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David G. Garber, Jr
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David G. Garber, Jr. is the Associate Professor of Old Testament and Hebrew at the McAfee School of Theology, Mercer University. His research interests include the study of Hebrew prophets, trauma theory, social justice in the Hebrew Bible, and expressions of biblical motifs in popular culture.

Entries by David G. Garber, Jr

Voices Crying Out: Comfort and Transformation in an Age of Mass Incarceration (Isaiah 40:1-11)

(0) Comments | Posted December 1, 2014 | 11:48 AM

Antoinne Murphy shares his achievements since his incarceration.

The topic of exile often gives pause to mainline Christians. While many might draw personal analogies to the experience of exile -- through individual traumas such as illness, the loss of a family member, or the break-up of a relationship -- most of us have not experienced forced migration to a land that is not our own, stealing our personal freedom and thwarting our economic opportunity.

The words in Isaiah 40:1-6 address just such a loss of communal freedom. They introduce what scholars typically refer to as "Second Isaiah," a portion of the book that speaks directly to the needs and despair of the people of Judah who now live in the Babylonian exile after the destruction of Jerusalem and the temple in 586 BCE.

In many of the traditional interpretations of exile by the Hebrew prophets, the people of Judah found themselves in exile because God was punishing them for their social and/or religious transgressions. The Isaiah tradition describes the people of Judah as a nation with blood on its hands (1:15). God demands that the people turn from their violent ways and "learn to do good, seek justice, rescue the oppressed, defend the orphan, plead for the widow" (1:17).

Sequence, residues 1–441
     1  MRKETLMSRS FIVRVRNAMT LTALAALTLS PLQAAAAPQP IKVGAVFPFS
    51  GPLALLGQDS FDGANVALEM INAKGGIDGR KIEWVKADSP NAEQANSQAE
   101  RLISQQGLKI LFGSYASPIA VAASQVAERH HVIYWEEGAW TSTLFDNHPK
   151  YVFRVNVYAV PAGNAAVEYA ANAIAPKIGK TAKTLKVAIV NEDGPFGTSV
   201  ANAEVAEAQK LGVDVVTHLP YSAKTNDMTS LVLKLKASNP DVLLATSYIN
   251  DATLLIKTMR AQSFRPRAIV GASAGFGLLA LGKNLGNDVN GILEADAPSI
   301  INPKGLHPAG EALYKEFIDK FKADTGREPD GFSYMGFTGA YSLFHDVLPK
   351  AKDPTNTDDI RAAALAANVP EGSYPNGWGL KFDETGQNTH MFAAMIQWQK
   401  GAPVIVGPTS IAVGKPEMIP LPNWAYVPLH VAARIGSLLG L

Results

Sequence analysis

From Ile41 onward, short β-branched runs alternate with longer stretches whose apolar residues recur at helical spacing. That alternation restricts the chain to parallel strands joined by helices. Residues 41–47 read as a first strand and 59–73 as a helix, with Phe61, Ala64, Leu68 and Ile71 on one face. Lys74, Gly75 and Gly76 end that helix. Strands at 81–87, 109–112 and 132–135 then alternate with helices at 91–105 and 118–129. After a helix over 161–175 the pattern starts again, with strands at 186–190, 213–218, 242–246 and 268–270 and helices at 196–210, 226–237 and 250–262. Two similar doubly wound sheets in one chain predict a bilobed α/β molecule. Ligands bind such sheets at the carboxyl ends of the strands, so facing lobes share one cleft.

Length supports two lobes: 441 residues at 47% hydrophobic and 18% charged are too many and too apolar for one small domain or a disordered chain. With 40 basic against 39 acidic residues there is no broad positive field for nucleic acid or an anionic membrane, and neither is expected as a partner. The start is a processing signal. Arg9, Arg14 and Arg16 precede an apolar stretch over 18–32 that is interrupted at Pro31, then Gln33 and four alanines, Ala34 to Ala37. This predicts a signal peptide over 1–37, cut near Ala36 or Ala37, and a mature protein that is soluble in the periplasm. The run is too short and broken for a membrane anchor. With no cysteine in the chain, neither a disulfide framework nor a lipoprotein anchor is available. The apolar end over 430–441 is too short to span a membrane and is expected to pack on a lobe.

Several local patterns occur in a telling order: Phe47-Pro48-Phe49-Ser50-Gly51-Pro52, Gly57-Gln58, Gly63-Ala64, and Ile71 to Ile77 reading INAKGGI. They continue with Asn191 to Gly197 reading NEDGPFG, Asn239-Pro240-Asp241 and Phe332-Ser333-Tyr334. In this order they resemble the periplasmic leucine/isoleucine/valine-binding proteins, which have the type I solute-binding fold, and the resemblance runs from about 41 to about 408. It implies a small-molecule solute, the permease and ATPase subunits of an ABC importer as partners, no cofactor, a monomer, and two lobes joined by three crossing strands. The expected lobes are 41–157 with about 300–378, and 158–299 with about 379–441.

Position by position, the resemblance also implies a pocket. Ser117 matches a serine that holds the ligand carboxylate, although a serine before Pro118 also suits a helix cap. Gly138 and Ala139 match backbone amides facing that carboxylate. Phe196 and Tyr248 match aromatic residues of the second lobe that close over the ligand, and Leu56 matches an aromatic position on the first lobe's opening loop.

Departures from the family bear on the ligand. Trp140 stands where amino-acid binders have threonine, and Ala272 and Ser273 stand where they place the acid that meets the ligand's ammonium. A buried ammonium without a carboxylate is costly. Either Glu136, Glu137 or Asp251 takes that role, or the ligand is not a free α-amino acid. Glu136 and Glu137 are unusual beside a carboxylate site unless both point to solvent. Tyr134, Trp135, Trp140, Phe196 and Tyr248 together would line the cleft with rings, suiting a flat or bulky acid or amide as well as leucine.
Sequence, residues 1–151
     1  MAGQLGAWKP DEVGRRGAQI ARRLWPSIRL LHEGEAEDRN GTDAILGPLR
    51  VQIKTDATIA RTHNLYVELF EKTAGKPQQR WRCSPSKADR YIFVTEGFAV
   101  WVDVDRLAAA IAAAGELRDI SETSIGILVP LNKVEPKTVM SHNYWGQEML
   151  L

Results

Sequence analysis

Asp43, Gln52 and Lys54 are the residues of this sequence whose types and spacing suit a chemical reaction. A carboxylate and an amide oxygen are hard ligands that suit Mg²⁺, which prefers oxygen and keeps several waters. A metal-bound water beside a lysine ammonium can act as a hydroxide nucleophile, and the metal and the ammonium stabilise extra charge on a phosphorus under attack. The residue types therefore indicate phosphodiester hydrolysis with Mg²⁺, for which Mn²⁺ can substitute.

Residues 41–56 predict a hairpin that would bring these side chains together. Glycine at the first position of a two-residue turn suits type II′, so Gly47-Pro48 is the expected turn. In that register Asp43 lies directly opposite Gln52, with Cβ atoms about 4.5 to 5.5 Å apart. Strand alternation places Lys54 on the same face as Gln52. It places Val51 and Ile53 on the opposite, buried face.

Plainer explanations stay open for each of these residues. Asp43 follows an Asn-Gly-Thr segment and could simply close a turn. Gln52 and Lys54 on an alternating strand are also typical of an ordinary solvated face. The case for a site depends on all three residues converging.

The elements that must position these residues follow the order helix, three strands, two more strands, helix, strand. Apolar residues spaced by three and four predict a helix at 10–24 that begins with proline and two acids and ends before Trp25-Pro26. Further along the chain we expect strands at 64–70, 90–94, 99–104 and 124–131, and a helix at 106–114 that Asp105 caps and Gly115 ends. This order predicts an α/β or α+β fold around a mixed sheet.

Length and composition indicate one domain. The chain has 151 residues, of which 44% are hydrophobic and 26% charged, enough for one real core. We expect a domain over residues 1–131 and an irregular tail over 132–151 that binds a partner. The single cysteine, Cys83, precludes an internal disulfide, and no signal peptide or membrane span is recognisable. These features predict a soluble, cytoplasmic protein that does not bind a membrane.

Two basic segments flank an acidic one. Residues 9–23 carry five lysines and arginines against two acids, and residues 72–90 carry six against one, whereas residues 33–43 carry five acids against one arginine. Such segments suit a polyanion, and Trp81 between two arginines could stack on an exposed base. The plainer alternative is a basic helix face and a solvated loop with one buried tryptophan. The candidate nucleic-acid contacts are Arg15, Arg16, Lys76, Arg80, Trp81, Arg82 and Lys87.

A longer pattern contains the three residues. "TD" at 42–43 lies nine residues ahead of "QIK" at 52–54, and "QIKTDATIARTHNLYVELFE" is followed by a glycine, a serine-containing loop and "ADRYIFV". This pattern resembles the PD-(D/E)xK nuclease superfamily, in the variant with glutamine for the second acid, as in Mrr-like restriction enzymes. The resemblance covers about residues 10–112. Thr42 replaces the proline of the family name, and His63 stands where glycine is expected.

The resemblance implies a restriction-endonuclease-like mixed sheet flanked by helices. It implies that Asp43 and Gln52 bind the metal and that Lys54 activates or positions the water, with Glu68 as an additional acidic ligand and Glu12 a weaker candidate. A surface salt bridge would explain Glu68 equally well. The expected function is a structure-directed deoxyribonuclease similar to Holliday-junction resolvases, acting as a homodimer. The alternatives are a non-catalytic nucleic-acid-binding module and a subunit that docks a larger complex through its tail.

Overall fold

But in Isaiah 40:1, the tone completely changes. God does not come to the people declaring a conviction or carrying out judgment. Instead, God, through the prophet, declares that today is the day for comfort. The sentence that God decreed upon the people of Judah has expired. In fact, the people of Judah have paid twice what they deserve for their previous errors (40:2). God acknowledges here that the mandated punishment outweighs the crime.

While we might look at that confession and question God's fairness, this probably came as a word of hope to the exiles. There is a sense of vindication in God's confession, and with that vindication, comes the confidence in a God who holds the power to make things right.

The ancient belief in a God who controls history presents a theological double bind. In one sense, the theology of reward and retribution did not allow the people to blame God, for it was indeed their law breaking that demanded punishment in the first place. But it also means that their God, who now acknowledges their payment of the penalty, also has the power to lift them out of their despair and bring real transformation.

That transformation comes in the form of a promise for a return from exile. Isaiah 40:3-5 also sometimes confuses a Christian audience, especially because of its appearance in the lectionary during Advent. When Christians read the first line of verse three, thoughts immediately turn to the figure of John the Baptist in Matt 3:3: "This is the one of whom the prophet Isaiah spoke when he said, 'The voice of one crying out in the wilderness: 'Prepare the way of the Lord, make his paths straight.'" In Isaiah 40:3, however, punctuation makes a large difference: "A voice cries out: "In the wilderness prepare the way of the LORD, make straight in the desert a highway for our God."